Why are we experiencing more loneliness? Many more American adults live alone than ever before, with the percentage of one-person households rising to 27% in 2012 from 17% in 1970, according to the U.S. Census Bureau. As baby boomers age, they are dealing with more solitude and seclusion. And, to be frank, many of us spend way too much time behind electronic screens and not nearly enough on our real, in-person connections.

You don’t have to be alone to be lonely, as anyone who has suffered through a bad relationship or an awkward holiday gathering can attest. “Loneliness is the feeling of social isolation or dissatisfaction with your relationships,” Dr. Cacioppo says. “It’s not just about whether there are others around you. It’s about whether the ones around you are those you can trust.” Some people are genetically more prone to loneliness than others, he says.

Men and women experience loneliness at roughly equal rates, Dr. Cacioppo says, but the kinds of social interaction they may be missing are different. Women generally long for face-to-face social interactions, whereas men are looking for a collective sense of connecting within a group. (So that explains the Super Bowl!)

Therapists say loneliness, in its most unhealthy form, is a distorted way of thinking that often has an emotional trigger—whether it is a big change like a breakup or a geographic move, or something as simple as attending a wedding alone or bickering with a sibling.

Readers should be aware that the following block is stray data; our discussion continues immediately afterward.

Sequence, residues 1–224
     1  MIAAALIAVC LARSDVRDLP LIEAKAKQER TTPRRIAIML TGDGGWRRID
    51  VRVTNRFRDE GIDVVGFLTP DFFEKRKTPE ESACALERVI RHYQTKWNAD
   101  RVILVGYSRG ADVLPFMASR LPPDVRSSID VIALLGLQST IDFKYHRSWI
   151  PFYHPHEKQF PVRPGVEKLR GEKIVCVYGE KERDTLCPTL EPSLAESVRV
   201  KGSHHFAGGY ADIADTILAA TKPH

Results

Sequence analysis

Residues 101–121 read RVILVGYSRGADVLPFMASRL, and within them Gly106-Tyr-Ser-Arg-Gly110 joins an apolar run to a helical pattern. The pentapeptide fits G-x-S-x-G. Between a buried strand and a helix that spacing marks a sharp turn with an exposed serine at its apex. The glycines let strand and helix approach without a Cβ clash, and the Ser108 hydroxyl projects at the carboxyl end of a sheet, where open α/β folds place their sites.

The result is the same. Our subconscious rewinds back to when we were young and worried someone else wasn’t going to be there to take care of us. It is the negative thought “I don’t matter.”

Some experts say loneliness is evoked by an “emotional memory” of being a child in need of help. Remind yourself that you aren’t that child anymore. You have people in your life and can bring in more.Tanya Lam

“Loneliness can be evoked by an emotional memory,” says Lauren Mackler, a Boston psychotherapist and relationship coach and author of “Solemate: Master the Art of Aloneness and Transform Your Life.”

Leeanne Rebic Hay, a 54-year-old freelance writer in Plano, Texas, considers herself lucky that she learned to enjoy time spent alone. She was an only child, attended private school and had a working mother and few friends in her neighborhood.

Her mother encouraged her to go alone to the library or to swim at the YMCA, and to learn to cook and sew. “I would tell my mother, ‘I don’t want to go there,’ and she would say, ‘Go, you don’t know who you will meet,’ ” recalls Ms. Hay. “She taught me you can choose not to be lonely.”